Microsoft reported strong second quarter fiscal year 2017 (2QFY17) earnings on Jan. 26, laying to rest any doubts that the software giant could transition to a cloud computing company.
Azure revenues climbed a whopping 93 percent, or 95 percent using constant currency calculations that account for exchange rate fluctuations. “These results show continued strength in the cloud and especially Azure business,” Dave Bartoletti, principal analyst at Forrester, told eWEEK.
“While Microsoft does not break out Azure from the broader Intelligent Cloud category (which also includes some server products, cloud services, and enterprise services), the Azure business nearly doubled year-over-year (as it did last quarter), and usage continues to double year-over-year,” continued Bartoletti. “Basically, Azure is more than twice the size it was at this time last year, and the growth trajectory is consistent.”
Office 365, Microsoft’s cloud-enabled productivity software suite is another bright spot.
During a Jan. 26 conference call, CEO Satya Nadella noted that on a year-over-year basis, the number of Office 365 commercial seats jumped 37 percent and consumer demand is ramping up. Jack E. Gold, founder and principal analyst at J. Gold Associates noted that “Office 365 grew 47 percent in commercial space and 22 percent in consumer space, indicating an excellent growth rate (and transition) from installed Office apps to a recurring revenues online service.”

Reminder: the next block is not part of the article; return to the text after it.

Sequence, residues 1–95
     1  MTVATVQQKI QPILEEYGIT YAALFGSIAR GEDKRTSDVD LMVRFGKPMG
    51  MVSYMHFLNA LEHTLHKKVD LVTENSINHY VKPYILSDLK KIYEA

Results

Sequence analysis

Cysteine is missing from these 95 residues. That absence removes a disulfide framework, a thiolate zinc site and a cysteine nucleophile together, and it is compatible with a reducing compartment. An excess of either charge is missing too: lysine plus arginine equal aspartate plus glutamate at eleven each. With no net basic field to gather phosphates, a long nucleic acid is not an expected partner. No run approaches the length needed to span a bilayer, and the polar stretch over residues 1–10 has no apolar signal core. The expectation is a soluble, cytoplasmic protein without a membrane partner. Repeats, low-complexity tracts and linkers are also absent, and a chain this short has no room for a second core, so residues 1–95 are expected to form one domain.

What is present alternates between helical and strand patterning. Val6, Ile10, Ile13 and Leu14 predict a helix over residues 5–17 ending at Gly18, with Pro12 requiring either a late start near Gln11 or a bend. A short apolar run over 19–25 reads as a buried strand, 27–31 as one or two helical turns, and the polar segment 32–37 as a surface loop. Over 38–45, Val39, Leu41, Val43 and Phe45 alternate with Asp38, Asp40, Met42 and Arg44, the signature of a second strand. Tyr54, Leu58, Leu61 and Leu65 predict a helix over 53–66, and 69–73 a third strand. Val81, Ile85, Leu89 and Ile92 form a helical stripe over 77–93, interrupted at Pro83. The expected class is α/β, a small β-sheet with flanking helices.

Even Windows, inexorably linked to the declining PC market, is showing signs of improvement said Gold, adding that the operating system “seems to be taking hold in the enterprise as many more companies are migrating and Windows revenues were up more than expected as a result.”
Sales of Windows commercial products and related cloud services were up 5 percent for the quarter, reported Microsoft. Windows OEM revenue attributed to the business-friendly Pro edition rose 6 percent.
Enterprise and education deployments of Windows 10 increased 52 percent in 2QFY17, revealed Nadella in his remarks, but those levels may taper off in the coming quarters. “It’s likely that Windows revenues will be flat to only slightly higher going forward as enterprises reach some level of full migration,” Gold said, adding that consumer PC sales are essentially flat or sagging slightly.
One decidedly underperforming part of Microsoft’s technology portfolio is its phone hardware business, highlighting the company’s difficulties competing with the Google Android and Apple iOS mobile operating system platforms.
Phone revenue tumbled 81 percent, the company reported. In November, IDC declared Microsoft’s mobile platform “a non-story in 2016” except for HP’s enterprise-friendly handset, the X3. The technology analyst firm predicted that by 2020, Windows Phone would claim a meager 0.1 percent share of the smartphone operating system market with shipments of 1 million units.
By comparison, Android is expected to command 85 percent of the market with shipments of nearly 1.5 billion handsets in 2020. Apple iOS is expected to ship out 244 million iPhones that same year for 14 percent of the market.